6. Scott McLaughlin - No.8, Tower Motorsports, LMP2

Finishing position: 13th (5th in class)

Sebring 12 Hours LMP2 victor from 2023, Scott McLaughlin, was once again a driving force for Tower Motorsports, narrowly missing out on a podium having worked himself to inside the top three after the late caution restart. 

The fact that McLaughlin had the No.8 car in a position to contend for a podium was remarkable in itself. At one point, before McLaughlin took the wheel, the car was two laps down. But, once he stepped in after about five hours, not only did the car recover to the lead lap, but McLaughlin ended his opening stint fourth-place in class.

During his second stint, the recovery was furthered to the podium positions, where he seemed to find himself every time he took the helm beyond this. It was yet more evidence of McLaughlin’s aptitude when it comes to stepping into any different type of car.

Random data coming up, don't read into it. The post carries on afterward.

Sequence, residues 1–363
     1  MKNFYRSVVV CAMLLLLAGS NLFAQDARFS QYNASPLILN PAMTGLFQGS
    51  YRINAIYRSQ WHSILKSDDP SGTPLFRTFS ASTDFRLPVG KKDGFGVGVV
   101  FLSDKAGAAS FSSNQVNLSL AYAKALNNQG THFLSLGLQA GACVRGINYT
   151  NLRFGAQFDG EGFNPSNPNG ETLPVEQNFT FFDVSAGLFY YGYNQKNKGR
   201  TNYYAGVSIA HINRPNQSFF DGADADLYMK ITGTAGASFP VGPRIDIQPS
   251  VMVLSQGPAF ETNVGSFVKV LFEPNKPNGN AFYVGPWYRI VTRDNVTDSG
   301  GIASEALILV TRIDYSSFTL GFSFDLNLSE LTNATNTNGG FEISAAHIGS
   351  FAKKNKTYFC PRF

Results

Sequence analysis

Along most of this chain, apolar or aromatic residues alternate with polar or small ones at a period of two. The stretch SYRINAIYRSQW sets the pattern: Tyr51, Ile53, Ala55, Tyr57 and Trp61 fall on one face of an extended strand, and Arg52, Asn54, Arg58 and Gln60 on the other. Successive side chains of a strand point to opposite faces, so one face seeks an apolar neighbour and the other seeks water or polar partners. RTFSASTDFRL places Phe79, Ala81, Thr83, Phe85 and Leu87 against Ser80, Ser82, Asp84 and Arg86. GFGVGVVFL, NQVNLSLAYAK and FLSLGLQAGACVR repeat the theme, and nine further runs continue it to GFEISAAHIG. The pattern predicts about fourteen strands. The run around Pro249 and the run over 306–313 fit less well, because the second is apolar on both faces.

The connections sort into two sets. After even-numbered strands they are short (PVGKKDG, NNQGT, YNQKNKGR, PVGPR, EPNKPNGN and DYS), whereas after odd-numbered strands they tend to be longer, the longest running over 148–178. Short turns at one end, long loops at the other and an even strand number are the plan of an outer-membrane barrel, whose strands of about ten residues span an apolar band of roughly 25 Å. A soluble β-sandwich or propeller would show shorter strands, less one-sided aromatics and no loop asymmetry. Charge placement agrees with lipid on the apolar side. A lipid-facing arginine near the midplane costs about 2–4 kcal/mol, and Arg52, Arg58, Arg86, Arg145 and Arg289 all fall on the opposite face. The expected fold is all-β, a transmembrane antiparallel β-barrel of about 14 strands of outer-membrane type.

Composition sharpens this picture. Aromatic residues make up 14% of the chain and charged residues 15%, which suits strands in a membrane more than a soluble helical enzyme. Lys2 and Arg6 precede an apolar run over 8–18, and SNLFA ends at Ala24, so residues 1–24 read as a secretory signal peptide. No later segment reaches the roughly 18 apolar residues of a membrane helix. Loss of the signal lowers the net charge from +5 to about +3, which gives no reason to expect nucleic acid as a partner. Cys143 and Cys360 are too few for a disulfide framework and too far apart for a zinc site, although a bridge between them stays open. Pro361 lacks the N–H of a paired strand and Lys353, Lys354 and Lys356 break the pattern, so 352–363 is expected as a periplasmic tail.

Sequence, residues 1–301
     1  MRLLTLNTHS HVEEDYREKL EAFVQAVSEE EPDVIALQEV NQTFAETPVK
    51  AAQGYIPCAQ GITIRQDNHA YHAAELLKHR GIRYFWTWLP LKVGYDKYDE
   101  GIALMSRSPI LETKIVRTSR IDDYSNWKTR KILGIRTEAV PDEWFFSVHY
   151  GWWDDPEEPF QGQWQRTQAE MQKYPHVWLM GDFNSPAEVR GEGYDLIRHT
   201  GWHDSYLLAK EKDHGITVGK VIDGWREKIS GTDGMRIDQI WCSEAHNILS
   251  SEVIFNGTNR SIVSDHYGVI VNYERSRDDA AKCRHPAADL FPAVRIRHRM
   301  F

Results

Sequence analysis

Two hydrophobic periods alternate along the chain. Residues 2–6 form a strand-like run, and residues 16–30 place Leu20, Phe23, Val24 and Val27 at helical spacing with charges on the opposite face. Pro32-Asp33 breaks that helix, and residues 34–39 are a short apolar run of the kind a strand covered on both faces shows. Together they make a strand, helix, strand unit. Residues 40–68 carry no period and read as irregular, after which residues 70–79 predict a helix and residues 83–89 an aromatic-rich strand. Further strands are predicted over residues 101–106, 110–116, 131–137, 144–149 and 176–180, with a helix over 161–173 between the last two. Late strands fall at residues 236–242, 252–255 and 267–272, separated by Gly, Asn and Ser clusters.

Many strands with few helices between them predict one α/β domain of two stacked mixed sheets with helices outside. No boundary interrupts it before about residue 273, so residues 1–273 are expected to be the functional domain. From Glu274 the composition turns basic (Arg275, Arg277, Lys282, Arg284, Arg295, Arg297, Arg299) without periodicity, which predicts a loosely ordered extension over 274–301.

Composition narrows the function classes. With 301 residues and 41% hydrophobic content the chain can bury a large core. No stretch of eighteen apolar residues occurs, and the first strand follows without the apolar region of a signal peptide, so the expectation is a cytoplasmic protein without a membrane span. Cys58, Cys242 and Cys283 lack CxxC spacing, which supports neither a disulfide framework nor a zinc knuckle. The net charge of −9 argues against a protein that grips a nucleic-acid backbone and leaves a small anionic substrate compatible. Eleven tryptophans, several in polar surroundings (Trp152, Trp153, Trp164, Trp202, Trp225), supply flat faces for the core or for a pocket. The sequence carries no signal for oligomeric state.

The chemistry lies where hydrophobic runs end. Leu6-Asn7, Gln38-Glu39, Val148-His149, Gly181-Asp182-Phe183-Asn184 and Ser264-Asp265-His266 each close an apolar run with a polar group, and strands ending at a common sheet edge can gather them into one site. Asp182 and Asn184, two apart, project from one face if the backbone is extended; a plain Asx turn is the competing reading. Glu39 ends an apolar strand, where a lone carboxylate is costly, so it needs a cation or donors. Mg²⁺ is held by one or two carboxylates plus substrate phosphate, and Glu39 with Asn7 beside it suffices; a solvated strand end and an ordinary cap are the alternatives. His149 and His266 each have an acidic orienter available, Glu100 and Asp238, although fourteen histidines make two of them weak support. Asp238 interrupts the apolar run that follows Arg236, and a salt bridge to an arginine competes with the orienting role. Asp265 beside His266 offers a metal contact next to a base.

Even if he fell just short of a podium by the chequered flag, McLaughlin showed the racecraft to climb from outside the top three to once again be in contention after the late yellow period. He continues to impress in the sportscar field and lead his team forward in every outing. 

Is it now about time he gets a shot in the top class?

7. Pato O’Ward - No.2, United Autosports, LMP2

Finishing position: 14th (6th in class)

An international fan favourite, Pato O’Ward’s return to the Rolex 24 in the LMP2 class captured the interests of many, as he aimed to repeat his 2022 class win, when he lined up alongside the likes of Colton Herta and Devlin DeFrancesco.